The invites are sent, the publicity posted, and the crowds are coming to your store event. But how do you keep them managed? Here are some tips.
Know Your Attendees
One of the first ways you can begin to manage a crowd is by anticipating their wants or behaviors. Chances are you have a pretty good idea what your attendees will act like or expect, and if you don’t know, try to plan for a wide variety of variables.
Perhaps one of the biggest complaints at events is wait time in line. This can be helped by having visible ques like a retractable belt barrier to signal to the crowd that they are moving. Passing out water, coupons, or having a staff member answer questions from those waiting in line can also help pass the time and be helpful. Customers should always be able to leave the line at any time if they need to for restroom or emergency purposes.
Good organization is key. Proper signage both outside and inside the store will help customers know where to go and cards or emails with instructions can help attendees know what to expect. A good idea can be to stagger the times of the event. If your function is by invitation only try to schedule blocks of time so instead of having 300 people come all at once you have 100 people come during the first shift, 100 the next, and so forth. This will depend on the type of event you are hosting and your crowd whether or not this can work, but if it is feasible it is a good solution.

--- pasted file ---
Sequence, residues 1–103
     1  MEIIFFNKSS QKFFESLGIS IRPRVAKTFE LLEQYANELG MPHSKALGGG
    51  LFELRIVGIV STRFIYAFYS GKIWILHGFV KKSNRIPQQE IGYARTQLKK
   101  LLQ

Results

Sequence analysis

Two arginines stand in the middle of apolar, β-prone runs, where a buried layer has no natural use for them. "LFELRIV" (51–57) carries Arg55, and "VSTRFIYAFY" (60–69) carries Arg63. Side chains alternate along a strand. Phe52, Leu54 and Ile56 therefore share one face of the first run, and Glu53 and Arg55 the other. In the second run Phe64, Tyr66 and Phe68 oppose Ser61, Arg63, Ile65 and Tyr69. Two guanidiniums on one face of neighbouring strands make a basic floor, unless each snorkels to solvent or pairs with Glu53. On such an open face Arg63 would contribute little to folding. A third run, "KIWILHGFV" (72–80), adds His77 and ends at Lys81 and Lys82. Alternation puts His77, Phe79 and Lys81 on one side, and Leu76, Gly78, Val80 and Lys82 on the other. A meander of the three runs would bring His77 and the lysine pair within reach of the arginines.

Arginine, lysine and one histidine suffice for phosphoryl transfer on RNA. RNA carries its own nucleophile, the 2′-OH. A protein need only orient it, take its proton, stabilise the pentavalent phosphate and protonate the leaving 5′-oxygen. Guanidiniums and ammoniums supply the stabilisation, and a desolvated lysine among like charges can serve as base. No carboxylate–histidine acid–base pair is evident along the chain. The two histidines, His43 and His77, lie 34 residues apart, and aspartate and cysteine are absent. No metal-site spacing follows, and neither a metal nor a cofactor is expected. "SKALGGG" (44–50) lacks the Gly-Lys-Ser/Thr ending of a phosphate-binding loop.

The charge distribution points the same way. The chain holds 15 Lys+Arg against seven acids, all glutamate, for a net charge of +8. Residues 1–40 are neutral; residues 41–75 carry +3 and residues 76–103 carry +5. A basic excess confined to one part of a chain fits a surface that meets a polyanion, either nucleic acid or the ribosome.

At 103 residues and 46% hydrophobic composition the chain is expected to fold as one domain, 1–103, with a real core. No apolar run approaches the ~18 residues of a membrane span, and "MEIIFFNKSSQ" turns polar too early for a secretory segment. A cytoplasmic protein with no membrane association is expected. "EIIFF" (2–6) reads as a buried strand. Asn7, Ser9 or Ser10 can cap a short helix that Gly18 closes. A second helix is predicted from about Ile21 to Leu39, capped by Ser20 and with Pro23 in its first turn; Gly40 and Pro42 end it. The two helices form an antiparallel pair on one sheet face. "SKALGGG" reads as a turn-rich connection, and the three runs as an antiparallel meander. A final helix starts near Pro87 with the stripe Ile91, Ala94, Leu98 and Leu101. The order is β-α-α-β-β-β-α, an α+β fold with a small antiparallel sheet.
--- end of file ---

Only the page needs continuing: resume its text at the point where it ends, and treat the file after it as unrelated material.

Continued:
You should have an emergency plan in place. Work with local police or town organizations so they know the event is happening and where and when and they will have a heads up in case something does go wrong. Staff should have ways to communicate with each other via electronics and make sure the entrance and exits to the building are clear at all times.
If you implement no other tip or technique from this list the one you must do is staff well and staff adequately. This means you have enough personnel to manage the event and everyone is where they need to be. Personnel that are trained on the registers should be checking customers out while staff that is not trained or does not have strong cashier skills should be working with those in line or bagging products, etc.
If you are expecting a very large crowd it can be a good idea to have security staff on hand for the event and use other safety methods like a retractable belt barrier. Remember to keep the atmosphere positive so you, your staff, and your crowd can enjoy the event.